The charity helped Aseer travel out of Afghanistan to a safehouse in Pakistan, where he lived for months packed in with 60-65 other people, waiting for refugee applications to be processed.

“It was like a prison,” he said. “We were not allowed to go out.” Eventually, a visa was granted and he was able to come to Canada in May.

“Canada was my dream country from childhood,” he said. “So I’m really happy.”

But many of his friends, including his girlfriend, are still stranded in Afghanistan. Some he hasn’t heard from, as they are in hiding or are under pressure from their families.

One friend, a trans man, told Aseer on the phone last week that he’s being forced by his family to wear female clothing, telling Aseer, “I want to hang myself.

“He was in a very bad condition,” Aseer said.

“[Another friend] is lesbian, she called me last night. And she said that ‘My father wants me to get married with a man. How can I marry a man?’”


Currently, there are several pathways for Afghan refugees to come to Canada. Canada’s humanitarian pathway includes LGBTQ2S+ people — but they must have already made it out of Afghanistan to a neighbouring country to be eligible.

LGBTQ2S+ individuals face some challenges within Afghanistan that other Afghan refugees don’t, Matthews said, complicating their journey to safety.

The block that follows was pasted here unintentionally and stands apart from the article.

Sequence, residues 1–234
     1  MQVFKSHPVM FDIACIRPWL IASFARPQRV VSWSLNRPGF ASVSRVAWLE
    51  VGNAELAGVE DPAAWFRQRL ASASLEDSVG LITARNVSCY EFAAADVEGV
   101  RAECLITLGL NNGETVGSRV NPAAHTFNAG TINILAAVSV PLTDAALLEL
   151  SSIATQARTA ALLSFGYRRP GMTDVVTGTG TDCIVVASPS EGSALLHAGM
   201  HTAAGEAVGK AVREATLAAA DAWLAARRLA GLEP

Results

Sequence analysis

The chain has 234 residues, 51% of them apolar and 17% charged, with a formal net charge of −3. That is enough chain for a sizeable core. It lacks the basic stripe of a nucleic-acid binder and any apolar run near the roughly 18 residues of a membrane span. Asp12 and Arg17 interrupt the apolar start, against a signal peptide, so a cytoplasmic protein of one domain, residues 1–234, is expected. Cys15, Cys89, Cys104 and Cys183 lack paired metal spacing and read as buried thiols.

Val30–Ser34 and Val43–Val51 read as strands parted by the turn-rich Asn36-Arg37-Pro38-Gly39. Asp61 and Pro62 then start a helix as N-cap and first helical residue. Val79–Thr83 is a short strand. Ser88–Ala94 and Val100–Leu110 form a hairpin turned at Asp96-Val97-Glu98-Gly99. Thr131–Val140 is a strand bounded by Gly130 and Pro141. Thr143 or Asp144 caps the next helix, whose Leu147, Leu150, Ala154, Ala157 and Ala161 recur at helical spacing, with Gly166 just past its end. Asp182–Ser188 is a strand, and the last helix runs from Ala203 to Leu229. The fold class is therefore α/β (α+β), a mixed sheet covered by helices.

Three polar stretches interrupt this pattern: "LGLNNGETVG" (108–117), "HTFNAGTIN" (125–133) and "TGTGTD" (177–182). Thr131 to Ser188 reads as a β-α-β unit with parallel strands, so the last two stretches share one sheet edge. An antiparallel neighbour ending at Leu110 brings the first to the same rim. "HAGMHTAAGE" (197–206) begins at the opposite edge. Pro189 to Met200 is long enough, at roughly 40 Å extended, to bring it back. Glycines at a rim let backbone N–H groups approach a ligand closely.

“Trans identified individuals are uniquely at risk because they have a really difficult time crossing borders as a result of the gender markers on their identification documents and how those do or do not match up with their visual appearance and gender presentation,” she said.

“Of the cases that we’re working with in our system right now, about 2,600 of those are LGBTQI Afghans still stuck within Afghanistan that don’t fall under the purview of any program that currently exists.”

While Rainbow Railroad can help to arrange travel out of countries by utilizing local sources, the sheer volume of requests from Afghan refugees, along with the logistical and financial challenges of navigating a war zone, make it particularly daunting.

This means most of their work right now with Afghan refugees focuses on those who have already made it to neighbouring countries, Matthews said. After people reach out to them for help, cases are triaged and assigned a case worker, who will support that person on their journey all the way to resettlement.

“We have a team of approximately 10 case workers right now who are working with a volume of like 20,000 people in our system and we have 5,000 alone from Afghanistan who are in need of support,” she said.

Afghan refugees also have to be privately sponsored or referred in order to enter Canada through the humanitarian pathway. Currently, only the United Nations Refugee Agency is listed as a direct referral partner for this program.

The Rainbow Refugee Assistance Partnership, the private sponsorship program through which Canada and Rainbow Railroad have collaborated, involves multiple LGBTQ2S+ organizations, and began as a pilot in 2011.

When the Afghan crisis hit and Canada outlined LGBTQ2S+ people as an at-risk group, Rainbow Railroad officials began to push for a direct referral partnership.